Sunday, 24 January 2016

The frustrating, fragmented state of programming for mobile devices

If you want to program for a mobile device, you'll find a frustrating set of trade-offs. To introduce this topic, I'll introduce some of the major platforms for the mobile ecosystem.

The native platforms:

Android SDK 

If you go this route, you're stuck with Java. The Android SDK for whatever reason is tied completely to the Java programming language, despite Oracle using it as a rod to try and beat Google with. The API that it provides is fairly usable and there are a large number of tools which make this quite an easy process. However, this is only if you intend to target Android devices and nothing else.

Android NDK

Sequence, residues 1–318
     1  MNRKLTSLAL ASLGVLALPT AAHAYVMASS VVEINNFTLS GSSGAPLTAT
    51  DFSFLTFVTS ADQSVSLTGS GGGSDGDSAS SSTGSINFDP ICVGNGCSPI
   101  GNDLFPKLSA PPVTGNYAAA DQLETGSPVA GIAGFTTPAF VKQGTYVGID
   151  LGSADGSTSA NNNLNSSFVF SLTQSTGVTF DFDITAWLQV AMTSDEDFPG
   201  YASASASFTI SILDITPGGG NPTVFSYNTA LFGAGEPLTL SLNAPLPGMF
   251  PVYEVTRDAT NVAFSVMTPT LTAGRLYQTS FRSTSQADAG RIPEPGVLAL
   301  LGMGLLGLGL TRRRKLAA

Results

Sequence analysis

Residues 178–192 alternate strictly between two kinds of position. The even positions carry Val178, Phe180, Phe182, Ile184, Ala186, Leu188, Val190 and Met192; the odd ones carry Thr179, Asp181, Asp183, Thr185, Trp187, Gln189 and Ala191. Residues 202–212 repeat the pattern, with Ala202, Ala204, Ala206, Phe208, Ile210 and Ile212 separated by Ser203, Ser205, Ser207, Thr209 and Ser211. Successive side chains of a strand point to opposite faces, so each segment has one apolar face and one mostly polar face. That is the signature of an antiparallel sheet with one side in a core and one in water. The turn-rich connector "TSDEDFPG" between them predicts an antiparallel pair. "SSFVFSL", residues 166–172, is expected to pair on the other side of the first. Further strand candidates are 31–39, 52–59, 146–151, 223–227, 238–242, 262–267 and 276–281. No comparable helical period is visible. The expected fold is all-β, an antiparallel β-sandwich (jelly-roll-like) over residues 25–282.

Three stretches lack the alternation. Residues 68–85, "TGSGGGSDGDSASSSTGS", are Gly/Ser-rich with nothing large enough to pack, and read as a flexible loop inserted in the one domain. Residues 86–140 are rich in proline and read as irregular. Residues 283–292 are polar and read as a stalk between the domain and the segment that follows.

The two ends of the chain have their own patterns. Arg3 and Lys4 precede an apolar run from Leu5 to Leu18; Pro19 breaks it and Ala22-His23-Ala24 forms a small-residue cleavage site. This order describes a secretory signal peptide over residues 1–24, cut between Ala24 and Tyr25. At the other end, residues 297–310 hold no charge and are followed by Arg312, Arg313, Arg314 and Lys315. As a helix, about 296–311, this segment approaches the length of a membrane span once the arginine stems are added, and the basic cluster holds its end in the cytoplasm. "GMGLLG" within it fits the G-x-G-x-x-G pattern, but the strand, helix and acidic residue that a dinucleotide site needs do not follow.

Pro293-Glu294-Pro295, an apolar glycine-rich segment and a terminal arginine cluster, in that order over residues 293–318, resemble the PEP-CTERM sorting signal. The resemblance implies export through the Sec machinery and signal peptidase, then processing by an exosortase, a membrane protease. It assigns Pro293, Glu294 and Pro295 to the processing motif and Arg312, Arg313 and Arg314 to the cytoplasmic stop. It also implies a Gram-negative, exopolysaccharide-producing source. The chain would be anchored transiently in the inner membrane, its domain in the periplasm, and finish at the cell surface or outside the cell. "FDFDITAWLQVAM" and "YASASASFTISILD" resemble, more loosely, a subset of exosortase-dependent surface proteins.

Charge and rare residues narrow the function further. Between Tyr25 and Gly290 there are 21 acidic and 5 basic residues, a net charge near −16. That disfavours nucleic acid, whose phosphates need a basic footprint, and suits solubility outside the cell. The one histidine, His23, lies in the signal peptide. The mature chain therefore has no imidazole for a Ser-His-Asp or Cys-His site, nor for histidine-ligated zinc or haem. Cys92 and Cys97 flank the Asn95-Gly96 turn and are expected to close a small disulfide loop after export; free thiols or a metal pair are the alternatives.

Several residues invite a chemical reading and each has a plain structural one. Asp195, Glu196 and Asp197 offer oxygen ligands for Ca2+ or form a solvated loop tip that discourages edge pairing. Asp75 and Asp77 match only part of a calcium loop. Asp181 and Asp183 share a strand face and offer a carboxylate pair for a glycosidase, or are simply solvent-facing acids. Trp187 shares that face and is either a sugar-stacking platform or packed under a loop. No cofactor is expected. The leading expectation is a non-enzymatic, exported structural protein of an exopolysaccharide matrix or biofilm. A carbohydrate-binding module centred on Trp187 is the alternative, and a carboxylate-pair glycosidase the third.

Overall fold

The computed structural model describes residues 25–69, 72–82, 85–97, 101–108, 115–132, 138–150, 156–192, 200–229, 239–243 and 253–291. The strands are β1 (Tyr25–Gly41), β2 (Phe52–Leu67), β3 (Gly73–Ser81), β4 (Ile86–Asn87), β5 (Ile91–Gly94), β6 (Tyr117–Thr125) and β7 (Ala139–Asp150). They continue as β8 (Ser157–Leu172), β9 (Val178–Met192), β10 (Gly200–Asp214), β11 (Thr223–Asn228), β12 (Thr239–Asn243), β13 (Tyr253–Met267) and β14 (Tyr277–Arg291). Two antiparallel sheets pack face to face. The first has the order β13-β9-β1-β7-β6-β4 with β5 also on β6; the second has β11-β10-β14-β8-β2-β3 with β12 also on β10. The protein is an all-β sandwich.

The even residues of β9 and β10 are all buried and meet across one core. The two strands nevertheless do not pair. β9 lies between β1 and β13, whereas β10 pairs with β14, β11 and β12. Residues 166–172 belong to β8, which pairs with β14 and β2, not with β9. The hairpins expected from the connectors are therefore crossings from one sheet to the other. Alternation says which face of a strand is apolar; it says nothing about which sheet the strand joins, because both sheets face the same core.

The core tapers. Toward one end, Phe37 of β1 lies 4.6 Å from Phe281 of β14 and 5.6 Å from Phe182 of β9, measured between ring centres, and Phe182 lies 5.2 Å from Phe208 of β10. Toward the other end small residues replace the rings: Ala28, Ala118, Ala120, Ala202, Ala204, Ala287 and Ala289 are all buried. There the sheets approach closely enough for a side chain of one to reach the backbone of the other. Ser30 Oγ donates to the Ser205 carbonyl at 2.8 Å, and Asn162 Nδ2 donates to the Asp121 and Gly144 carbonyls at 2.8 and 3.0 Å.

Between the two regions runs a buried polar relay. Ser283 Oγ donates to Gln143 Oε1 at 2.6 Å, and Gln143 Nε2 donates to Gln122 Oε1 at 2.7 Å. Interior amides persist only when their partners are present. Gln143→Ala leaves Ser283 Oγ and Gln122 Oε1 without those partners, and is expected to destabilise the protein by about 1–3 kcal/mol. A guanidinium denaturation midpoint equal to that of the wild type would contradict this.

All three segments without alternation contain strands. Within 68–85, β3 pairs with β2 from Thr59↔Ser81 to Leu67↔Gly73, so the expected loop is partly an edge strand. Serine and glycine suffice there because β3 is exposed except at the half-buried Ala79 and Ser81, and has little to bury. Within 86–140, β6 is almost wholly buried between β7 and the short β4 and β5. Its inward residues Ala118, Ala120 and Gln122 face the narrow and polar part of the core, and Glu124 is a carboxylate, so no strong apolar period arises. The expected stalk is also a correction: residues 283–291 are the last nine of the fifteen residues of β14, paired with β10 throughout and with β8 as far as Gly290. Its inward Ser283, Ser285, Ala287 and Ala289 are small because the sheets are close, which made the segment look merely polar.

It's curious that Google doesn't put more work into this, it seems that they try to do everything to discourage developers from using it. This is partly because applications which are developed this way will not make architecture agnostic executables. Nonetheless, the NDK has a lot of potential as a LLVM compatible compile target which could support a number of languages targeting it. However, the Google supported libraries with this are limited, it is essentially the case that you call NDK code from an SDK developed application putting limits on what you can do with it. There are some positives in that you can at least write applications using SDL, for instance, this way.